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Lost in translation: Great ideas, not-so-great films- Cinema express

Lost in translation: Great ideas, not-so-great films  

In this year-ender, we look back at the list of films that had a great concept but failed to utilise its potential 

Published: 31st December 2019

Cinema is a personal experience and each of us consumes films differently. But no matter what your school of thought is, we all have experienced films that had a great trailer, promising synopsis, and intriguing promotions, but somehow had an output that did not quite work. Here are a host of films, which I loved for their novel ideas, but, despised for the way they were executed.

  • Saaho 

What if a sole heir to an underworld empire decides to avenge the death of his father by faking his identity? Bingo! Sujeeth already had an excellent story in his hand. But the real problem in Saaho seems to have began when the production house decided to make the budget superfluous and the director began to weave a concoction of twists, which left everyone, including the onscreen characters, bewildered. The layers in the screenplay just kept on adding as Prabhas was gliding across the middle east, stone-faced, only to turn the film into a royal cocktail of confusion. 

  • Simba 

I would give Simba full points for setting the mood right for the audience. Be it the terrific album of Vishal Chandrasekar based on the various forms of high, or the outlandish idea of making Premgi Amaren play a dog in human form, everything felt so interesting about the film and being a sober person, I was naturally curious to witness a stoner world created by Arvind Sridhar, a proud stoner. But the film, which started as a good trip filled with fascinating visuals, crash-landed into a melodrama and ended as a bumpy, bad trip, literally. 

  • Thirumanam

My eyes got lit when I heard Cheran, one of my favourite directors of the past decade, was making his comeback to direction with his strongest zone: Family drama. While his Autograph was about the journey of a groom who invites people for his wedding, Thirumanam was a story of the wedding itself. The film which could have been a breezy entertainer with an effective social message on marriage turned out to be a marriage of errors, because of the amateur performances of the lead actors, unrelatable characterisation and extremely shallow conflict. 

  • Kee

This long-delayed release of Jiiva had one of the best plot summaries of the year, 'What if an ethical hacker takes on an invincible, evil hacker?' But the major problem with Kee is that the former isn't a clean guy and the latter doesn't seem as wicked as he sounds. The differentiating line gets more blurred when the 'hero' who was supposed to rescue the people is actually a philanderer, who hacks into the personal data of girls and hits on the most vulnerable ones. To sum it up, the only doors this Kee opened for the audience are the wrong ones. 

  • Airaa

KM Sarjun-Nayanthara's Airaa addressed racism, superstition and even the casual sexual abuses in families. But all these were restrained to a 20-minute-something flashback towards the end of the film. Though these social horrors in real life were enough to make an arresting vigilante film, the director somehow chose to take the cliched horror route and the only thing that scared the audience was the long wait for the flashback. I also found it hard to consume Airaa as a film that empowers women as the main innocent Bhavani who has been subjected to constant abuse is the one who gets painted black here, literally.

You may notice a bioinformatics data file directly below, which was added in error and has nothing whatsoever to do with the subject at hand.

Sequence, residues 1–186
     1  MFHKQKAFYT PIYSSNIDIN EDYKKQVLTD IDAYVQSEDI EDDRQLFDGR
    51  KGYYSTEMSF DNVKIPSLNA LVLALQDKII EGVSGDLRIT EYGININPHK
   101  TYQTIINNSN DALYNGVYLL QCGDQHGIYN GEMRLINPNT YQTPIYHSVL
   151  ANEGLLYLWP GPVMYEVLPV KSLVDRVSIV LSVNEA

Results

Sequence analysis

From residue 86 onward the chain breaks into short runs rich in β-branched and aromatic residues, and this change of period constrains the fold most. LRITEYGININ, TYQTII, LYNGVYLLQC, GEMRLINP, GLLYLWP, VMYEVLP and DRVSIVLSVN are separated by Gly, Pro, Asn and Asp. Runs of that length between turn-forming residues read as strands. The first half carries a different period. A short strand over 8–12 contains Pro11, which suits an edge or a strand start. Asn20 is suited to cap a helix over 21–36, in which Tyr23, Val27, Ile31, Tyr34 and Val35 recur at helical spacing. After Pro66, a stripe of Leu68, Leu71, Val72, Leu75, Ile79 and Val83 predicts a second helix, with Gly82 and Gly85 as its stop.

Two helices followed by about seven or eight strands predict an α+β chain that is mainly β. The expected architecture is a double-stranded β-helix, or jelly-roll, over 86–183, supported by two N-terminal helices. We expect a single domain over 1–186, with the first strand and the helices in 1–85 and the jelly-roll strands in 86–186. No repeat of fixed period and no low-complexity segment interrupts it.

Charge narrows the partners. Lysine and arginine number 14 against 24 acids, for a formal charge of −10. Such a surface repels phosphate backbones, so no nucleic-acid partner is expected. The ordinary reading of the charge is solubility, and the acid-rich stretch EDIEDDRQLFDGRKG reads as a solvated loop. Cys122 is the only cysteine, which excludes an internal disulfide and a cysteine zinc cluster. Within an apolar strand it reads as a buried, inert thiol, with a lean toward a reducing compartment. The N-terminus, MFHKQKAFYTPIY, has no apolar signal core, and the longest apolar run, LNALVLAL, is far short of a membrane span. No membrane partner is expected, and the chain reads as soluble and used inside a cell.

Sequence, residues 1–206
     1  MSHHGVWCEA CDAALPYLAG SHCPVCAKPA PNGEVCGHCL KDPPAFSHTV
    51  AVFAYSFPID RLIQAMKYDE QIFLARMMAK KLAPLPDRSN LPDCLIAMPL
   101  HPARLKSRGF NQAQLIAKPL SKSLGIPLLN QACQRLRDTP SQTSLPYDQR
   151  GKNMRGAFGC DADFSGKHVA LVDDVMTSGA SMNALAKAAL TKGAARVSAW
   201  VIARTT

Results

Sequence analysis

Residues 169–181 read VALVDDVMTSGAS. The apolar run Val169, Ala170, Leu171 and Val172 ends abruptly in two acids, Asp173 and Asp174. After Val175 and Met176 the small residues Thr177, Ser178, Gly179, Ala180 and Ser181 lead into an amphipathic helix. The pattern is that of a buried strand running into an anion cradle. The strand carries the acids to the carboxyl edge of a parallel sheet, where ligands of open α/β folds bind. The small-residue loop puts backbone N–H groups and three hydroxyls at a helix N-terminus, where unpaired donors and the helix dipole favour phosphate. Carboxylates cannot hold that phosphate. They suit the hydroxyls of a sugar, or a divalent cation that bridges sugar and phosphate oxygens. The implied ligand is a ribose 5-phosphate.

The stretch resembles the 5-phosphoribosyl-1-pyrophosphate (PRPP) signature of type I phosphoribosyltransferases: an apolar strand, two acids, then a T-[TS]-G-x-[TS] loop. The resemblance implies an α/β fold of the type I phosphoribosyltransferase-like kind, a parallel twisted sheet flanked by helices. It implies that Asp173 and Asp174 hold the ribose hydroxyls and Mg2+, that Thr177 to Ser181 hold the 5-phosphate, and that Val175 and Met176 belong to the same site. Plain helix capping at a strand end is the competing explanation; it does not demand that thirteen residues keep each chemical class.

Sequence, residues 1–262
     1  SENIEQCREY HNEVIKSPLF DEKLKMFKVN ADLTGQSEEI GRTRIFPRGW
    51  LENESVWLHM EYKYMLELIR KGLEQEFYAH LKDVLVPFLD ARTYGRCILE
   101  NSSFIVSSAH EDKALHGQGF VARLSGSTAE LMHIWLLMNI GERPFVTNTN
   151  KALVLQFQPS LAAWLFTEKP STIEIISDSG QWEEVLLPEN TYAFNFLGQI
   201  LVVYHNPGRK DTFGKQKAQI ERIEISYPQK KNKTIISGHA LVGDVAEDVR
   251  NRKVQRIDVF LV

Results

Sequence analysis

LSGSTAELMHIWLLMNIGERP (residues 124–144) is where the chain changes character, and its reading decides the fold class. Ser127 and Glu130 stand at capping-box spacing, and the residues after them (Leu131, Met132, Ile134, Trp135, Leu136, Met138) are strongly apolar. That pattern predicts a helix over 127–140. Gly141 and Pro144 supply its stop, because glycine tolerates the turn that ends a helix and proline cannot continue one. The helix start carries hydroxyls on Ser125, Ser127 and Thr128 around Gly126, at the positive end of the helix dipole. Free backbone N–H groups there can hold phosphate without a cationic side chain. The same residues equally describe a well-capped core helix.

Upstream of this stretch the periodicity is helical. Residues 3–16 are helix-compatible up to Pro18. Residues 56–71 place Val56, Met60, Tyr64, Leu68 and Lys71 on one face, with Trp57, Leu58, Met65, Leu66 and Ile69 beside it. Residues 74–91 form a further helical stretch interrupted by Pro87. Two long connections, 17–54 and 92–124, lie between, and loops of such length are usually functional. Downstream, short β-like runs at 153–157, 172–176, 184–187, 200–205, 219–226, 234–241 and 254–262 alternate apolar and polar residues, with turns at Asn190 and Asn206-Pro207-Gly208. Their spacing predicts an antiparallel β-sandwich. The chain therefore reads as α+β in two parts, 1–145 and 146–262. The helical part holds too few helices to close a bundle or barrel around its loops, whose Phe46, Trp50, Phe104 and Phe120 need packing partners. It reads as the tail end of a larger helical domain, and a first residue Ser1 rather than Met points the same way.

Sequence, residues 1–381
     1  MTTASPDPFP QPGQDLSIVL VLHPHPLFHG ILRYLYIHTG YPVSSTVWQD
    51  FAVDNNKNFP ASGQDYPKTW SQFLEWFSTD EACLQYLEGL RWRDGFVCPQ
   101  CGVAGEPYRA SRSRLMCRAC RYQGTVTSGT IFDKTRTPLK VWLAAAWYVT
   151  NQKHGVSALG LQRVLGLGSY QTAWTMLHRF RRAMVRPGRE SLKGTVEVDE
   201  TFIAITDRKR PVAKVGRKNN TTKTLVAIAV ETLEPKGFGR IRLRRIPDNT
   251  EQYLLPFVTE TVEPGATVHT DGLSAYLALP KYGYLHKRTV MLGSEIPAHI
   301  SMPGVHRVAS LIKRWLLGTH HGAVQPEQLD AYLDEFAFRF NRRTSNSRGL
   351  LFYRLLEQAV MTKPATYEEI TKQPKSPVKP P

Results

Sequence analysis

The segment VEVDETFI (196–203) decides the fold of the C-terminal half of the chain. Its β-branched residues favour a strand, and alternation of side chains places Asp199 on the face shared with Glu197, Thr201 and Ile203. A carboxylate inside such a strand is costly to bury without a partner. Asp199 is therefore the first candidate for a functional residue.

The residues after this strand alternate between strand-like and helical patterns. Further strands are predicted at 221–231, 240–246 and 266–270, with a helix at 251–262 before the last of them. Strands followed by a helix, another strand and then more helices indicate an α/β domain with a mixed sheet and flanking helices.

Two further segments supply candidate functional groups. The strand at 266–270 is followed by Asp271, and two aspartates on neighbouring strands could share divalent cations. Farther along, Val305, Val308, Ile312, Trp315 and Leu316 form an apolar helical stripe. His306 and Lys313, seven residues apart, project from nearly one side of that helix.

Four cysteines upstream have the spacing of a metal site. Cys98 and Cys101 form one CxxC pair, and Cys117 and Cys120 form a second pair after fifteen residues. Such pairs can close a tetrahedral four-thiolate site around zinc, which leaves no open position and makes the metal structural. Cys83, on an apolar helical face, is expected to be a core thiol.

• NGK

Suriya-Selvaraghavan was one of the most awaited combinations of this decade. And when NGK was teased as a political drama with a blood-stained hand of Suriya in the last frame of the teaser, the audience got ready to celebrate the Pudhupettai of this decade. But the scenario was topsy-turvy post the release. Both the story and characterisation of Suriya felt incomplete and it paved the way for a set of the audience to come up with tons of questions and complaints. And the ace filmmaker himself had to clarify the plot points and character arcs through social media and videos to silence the noise. A wider section of the audience, including me, believe NGK is a film which got deformed due to its conjectural writing and there is a better version of the film somewhere stuck in the editing table. 

  • Aadai 

It would be a sin to miss Aadai in the list of best-shot films of this decade. Be it the aesthetic and dignified cinematography of Vijay Karthik Kannan, the realistic performance of Amala Paul or the editing of Shafique Mohammed Ali, everything about its making was on point. The film which should have ideally left the audience in amusement thinking how it was made, instead got them perplexed thinking why it was made in the first place, because of the contradicting message it conveyed. Aadai was definitely a warrior, but sadly, the battle it fought was a blind-folded one unsure of its nemesis. 

  • Bigil

Bigil is a film that was never short of interesting ideas. It has an acid attack victim rising above her trauma, a footballer being the messiah of a community, which believes sports is their only means for redemption, and a girls team which sees its coach as a father- figure. Ideally, I couldn't have asked for more as a sensible fan of Vijay. But I am a person who sees marketing as a part of the film, and it was an unpleasant surprise for me to see Bigil, which was promoted as a sports drama about women's football, being yet another film that belongs to the Vijay-genre. This film, which could have been either a heart-warming sports flick or inversely a proper masala entertainer, got stuck somewhere in between and the end result made us say, "Clarity um mukkiyam, Bigilu."


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